Current trends in adult obesity threaten global health. Although the implications of changes in diets, lifestyles, and food environments have been examined, the specific role of excess calorie availability (ECA)—understood as calorie availability in excess of human requirements for a healthy life—and the cohort mechanisms that underlie trends in adult body mass index (BMI) are poorly understood. We examine these relationships for 156 countries over the past century using an age-, sex-, and cohort-specific approach. We measure the association between increases in food energy supply and changes in BMI across countries and time. We find positive and significant associations between ECA and adult BMI for both males and females, and between ECA during early childhood and BMI at adulthood for males. We also find a strengthening of these correlations over successive generations. These cohort mechanisms are boosted by age effects, leading individuals in each successive cohort to reach unhealthy BMI levels at younger ages. Individuals in more recent cohorts are overweight or obese earlier and for larger proportions of their lifespan than those in earlier cohorts. Even after controlling for development dynamics, the pattern is consistent across countries and appears to be driven, in part, by availability of calories in excess of underlying requirements. Our findings provide novel insights into the role of ECA, and potential unintended health consequences of agricultural and trade policies directed at increasing calorie supplies.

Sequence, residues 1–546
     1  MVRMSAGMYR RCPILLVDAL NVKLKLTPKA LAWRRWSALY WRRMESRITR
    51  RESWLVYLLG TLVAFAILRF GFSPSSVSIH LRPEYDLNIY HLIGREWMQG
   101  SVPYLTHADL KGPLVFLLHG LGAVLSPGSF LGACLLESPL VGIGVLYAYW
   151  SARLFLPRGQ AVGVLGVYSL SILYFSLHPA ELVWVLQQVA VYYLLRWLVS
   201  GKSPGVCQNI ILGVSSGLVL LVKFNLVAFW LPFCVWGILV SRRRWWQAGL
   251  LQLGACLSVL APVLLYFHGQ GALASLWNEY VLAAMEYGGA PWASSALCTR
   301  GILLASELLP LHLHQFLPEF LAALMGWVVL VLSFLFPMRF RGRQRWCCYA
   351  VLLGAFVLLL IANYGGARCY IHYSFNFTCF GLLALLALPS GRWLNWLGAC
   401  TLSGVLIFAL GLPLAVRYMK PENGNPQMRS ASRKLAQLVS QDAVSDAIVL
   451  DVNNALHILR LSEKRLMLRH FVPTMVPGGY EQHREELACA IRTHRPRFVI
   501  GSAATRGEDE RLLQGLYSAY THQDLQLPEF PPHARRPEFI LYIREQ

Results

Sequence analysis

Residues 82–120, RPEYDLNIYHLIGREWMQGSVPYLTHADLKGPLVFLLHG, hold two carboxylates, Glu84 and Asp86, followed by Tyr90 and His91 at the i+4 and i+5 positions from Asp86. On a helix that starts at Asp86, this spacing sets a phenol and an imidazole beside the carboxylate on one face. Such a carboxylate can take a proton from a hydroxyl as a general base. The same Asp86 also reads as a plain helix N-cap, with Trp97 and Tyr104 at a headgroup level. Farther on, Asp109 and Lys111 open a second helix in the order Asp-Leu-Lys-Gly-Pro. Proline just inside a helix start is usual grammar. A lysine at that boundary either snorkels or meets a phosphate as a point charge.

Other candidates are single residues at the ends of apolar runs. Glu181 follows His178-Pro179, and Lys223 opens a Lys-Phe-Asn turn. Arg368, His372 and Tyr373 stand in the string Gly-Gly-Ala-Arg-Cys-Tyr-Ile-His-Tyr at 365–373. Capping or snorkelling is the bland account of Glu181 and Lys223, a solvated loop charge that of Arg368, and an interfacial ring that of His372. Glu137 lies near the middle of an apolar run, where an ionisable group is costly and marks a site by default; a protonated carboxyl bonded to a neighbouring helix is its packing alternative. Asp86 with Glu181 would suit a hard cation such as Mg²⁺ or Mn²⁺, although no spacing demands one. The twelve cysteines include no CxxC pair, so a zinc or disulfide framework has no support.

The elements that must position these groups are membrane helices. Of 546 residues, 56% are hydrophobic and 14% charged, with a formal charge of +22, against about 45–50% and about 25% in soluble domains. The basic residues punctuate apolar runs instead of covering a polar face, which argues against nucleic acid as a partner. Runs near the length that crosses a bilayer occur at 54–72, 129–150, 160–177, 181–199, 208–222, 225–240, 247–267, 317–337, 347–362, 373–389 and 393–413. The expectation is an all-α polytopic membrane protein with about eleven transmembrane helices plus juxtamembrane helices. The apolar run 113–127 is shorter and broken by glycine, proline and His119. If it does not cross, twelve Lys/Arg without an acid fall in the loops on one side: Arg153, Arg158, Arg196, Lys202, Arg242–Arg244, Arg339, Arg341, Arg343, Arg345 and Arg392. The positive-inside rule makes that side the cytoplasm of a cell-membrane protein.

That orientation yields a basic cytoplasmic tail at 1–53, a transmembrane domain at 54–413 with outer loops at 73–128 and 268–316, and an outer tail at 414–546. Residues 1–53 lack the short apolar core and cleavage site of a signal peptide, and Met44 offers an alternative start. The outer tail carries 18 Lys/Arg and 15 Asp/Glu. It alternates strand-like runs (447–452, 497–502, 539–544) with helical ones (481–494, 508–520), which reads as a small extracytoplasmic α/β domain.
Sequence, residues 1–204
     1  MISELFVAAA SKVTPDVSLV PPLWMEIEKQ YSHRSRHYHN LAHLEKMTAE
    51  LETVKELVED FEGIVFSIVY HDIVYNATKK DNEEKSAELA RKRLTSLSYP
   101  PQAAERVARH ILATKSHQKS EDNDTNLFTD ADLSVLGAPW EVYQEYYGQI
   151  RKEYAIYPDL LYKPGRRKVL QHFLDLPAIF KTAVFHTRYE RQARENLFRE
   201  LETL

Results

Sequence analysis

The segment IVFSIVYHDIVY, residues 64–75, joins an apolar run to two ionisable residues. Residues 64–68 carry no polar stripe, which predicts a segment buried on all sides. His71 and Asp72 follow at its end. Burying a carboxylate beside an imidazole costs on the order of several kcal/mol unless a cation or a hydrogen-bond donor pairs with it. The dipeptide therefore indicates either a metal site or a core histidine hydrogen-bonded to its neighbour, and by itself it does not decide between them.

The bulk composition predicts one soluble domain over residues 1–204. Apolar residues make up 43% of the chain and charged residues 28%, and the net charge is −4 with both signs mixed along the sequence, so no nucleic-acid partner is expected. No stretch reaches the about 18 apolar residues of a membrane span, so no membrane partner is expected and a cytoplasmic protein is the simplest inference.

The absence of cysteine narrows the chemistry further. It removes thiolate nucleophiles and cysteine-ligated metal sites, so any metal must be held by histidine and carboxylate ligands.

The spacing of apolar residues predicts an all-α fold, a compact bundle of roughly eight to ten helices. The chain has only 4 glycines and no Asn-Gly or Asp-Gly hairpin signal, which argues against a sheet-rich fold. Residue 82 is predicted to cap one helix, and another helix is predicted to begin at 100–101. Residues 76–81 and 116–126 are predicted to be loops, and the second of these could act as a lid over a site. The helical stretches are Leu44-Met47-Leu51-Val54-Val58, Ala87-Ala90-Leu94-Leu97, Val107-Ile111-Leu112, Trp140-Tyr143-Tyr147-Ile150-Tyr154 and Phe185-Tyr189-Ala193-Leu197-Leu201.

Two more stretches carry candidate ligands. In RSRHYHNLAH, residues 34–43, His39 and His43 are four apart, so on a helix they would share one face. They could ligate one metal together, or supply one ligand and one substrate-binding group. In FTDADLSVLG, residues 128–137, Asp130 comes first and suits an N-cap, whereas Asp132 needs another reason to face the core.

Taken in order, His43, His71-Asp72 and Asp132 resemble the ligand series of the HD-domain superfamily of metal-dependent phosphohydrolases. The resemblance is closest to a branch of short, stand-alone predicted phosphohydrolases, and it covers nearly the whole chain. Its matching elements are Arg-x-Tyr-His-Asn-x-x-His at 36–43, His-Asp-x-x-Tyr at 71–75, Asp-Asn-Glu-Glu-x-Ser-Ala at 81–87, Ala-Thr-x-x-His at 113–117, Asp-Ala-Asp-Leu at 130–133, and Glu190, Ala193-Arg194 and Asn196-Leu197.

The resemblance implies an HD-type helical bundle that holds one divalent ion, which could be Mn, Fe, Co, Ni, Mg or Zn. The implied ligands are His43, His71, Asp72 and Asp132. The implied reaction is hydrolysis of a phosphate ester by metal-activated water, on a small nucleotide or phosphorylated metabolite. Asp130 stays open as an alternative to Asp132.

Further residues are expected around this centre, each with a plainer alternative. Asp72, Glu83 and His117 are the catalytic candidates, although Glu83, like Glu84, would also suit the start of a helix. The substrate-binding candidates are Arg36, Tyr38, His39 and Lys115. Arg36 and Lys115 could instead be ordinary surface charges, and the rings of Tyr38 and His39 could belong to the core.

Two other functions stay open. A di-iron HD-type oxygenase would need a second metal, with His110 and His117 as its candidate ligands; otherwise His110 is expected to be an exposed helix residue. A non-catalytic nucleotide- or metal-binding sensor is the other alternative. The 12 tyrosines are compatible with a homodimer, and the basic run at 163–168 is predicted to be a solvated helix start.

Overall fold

BMI; Cohort effects; Calorie availability; Global trends; Human nutrition